Ireland has every possibility of getting back the 39 controversial paintings, willed to the Irish people by art collector Sir Hugh Lane at the beginning of the 20th century, but which remain in London because the codicil to his will was not witnessed. “Hugh Lane’s intentions were absolutely clear”, the dynamic director of the Hugh Lane (formerly Dublin City ) Gallery, Ms Barbara Dawson said in Coole last weekend, “there is no reason on earth why the paintings are not on Irish soil permanently.”
The Hugh Lane Bequest is still a vexed issue. This year marked the centenary when Lane, who had a genius for collecting famous pictures (many of which he bought for a song ), offered to present more than 100 mainly Impressionist paintings to Ireland, providing Dublin built an appropriate gallery for them. He showed all the paintings to an appreciative audience in Clonmel House in 1908. But Dublin City Council dragged its heels to such an extent, that Lane withdrew 39 of the best pictures in the collection, and wrote a will leaving them to the London National Art Gallery, of which he was a director.
However, the move was to put pressure on Dublin City Council to hurry up, and provide a gallery. He wrote a codicil to his will, leaving the entire collection to Dublin. But because it was never witnessed, and he was killed unexpectedly when the Luistania was torpedoed off the Head of Kinsale on May 7 1915, the codicil was deemed invalid. London chose to ignore the moral issue involved, and to and seize the legal argument justifying their holding on to the pictures. Apart from being representative of the finest artists of their day, the collection is worth many millions.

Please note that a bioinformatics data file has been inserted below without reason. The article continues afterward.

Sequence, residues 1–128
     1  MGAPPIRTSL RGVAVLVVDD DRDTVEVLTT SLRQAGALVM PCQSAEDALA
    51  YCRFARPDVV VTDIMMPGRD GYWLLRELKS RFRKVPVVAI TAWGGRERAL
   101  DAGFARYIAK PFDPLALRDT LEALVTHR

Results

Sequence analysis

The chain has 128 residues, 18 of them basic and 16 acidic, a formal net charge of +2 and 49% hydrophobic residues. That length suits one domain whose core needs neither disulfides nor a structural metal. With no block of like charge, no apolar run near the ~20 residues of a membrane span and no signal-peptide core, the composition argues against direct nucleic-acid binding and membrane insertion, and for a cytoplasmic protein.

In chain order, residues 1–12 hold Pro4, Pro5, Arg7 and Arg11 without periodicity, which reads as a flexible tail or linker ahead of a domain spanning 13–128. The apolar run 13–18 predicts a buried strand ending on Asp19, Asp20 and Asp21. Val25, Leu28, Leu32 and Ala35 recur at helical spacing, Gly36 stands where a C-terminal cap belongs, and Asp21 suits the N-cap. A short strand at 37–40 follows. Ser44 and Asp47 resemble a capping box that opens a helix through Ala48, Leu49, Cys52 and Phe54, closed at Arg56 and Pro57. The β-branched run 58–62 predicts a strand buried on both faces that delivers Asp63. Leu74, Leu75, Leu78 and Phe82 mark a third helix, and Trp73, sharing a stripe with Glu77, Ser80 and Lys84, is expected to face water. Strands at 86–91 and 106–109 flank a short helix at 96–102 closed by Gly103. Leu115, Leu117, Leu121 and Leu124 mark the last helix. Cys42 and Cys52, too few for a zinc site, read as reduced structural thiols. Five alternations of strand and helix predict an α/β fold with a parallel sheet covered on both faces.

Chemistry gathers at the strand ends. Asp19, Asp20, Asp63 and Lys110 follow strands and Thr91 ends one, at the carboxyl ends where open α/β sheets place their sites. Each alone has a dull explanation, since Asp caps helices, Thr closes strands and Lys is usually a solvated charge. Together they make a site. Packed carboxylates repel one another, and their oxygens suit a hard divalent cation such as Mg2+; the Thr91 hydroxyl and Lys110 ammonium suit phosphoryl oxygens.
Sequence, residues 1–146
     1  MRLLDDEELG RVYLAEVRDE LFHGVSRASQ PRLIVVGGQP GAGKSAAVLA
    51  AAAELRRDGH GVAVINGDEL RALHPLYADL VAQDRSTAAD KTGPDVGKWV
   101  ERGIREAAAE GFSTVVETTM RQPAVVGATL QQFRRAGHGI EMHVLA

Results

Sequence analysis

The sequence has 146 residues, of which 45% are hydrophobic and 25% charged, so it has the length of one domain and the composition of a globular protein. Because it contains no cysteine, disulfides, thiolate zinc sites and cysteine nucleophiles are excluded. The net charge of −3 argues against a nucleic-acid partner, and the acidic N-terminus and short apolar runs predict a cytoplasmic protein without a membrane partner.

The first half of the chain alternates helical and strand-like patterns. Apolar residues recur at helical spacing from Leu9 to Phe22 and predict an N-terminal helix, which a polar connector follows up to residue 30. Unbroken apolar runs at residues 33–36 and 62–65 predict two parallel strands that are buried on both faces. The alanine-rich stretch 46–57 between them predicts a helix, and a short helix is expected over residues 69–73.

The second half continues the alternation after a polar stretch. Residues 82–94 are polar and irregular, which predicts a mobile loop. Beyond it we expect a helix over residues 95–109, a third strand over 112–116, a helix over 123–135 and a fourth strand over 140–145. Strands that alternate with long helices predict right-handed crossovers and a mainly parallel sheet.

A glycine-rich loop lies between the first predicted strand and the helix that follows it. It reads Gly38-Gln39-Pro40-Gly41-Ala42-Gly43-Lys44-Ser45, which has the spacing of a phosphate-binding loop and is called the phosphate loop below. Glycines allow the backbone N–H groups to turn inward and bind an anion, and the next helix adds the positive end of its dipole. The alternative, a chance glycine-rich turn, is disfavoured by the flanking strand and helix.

To celebrate the centenary this year, London agreed to allow the entire Hugh Lane collection to be shown in Dublin. But only for three months. The exhibition was a huge success, attracting more than 80,000 visitors. During the negotiations to bring the controversial paintings to Dublin, Ms Dawson detected a certain embarrassment among the present directors of the London National Gallery regarding . She believed that it would be fruitless to revive all the legal arguments again, but that improved relations between the two countries could achieve a positive outcome. Asked if there was an opportunity, where Britain could release the paintings without loss of face, Ms Dawson suggested that there is some talk that if the Queen of England were to make a formal visit to Dublin, an appropriate gift could be the return of the Lane pictures.
Eva Gonzales’ limbs
Hugh Lane was a nephew of Lady Gregory of Coole. He frequently visited her home, and met the men and women at the core of the literary revival. He wanted to contribute to the movement by providing a brilliant collection of paintings which would inspire young Irish artists. “He was way before his time,” said Ms Dawson. “While the Kaiser fired his art gallery director for buying a Cézanne, Lane was snapping them up.” One of his great buys was Édouard Manet’s portrait of Eva Gonzales, a famous painter herself. A particular feature are her white arms. George Moore took one look at them and said; “Thank God that now we can gaze upon the heavenly limbs of Eva, rather than the withered limbs of martyred saints.”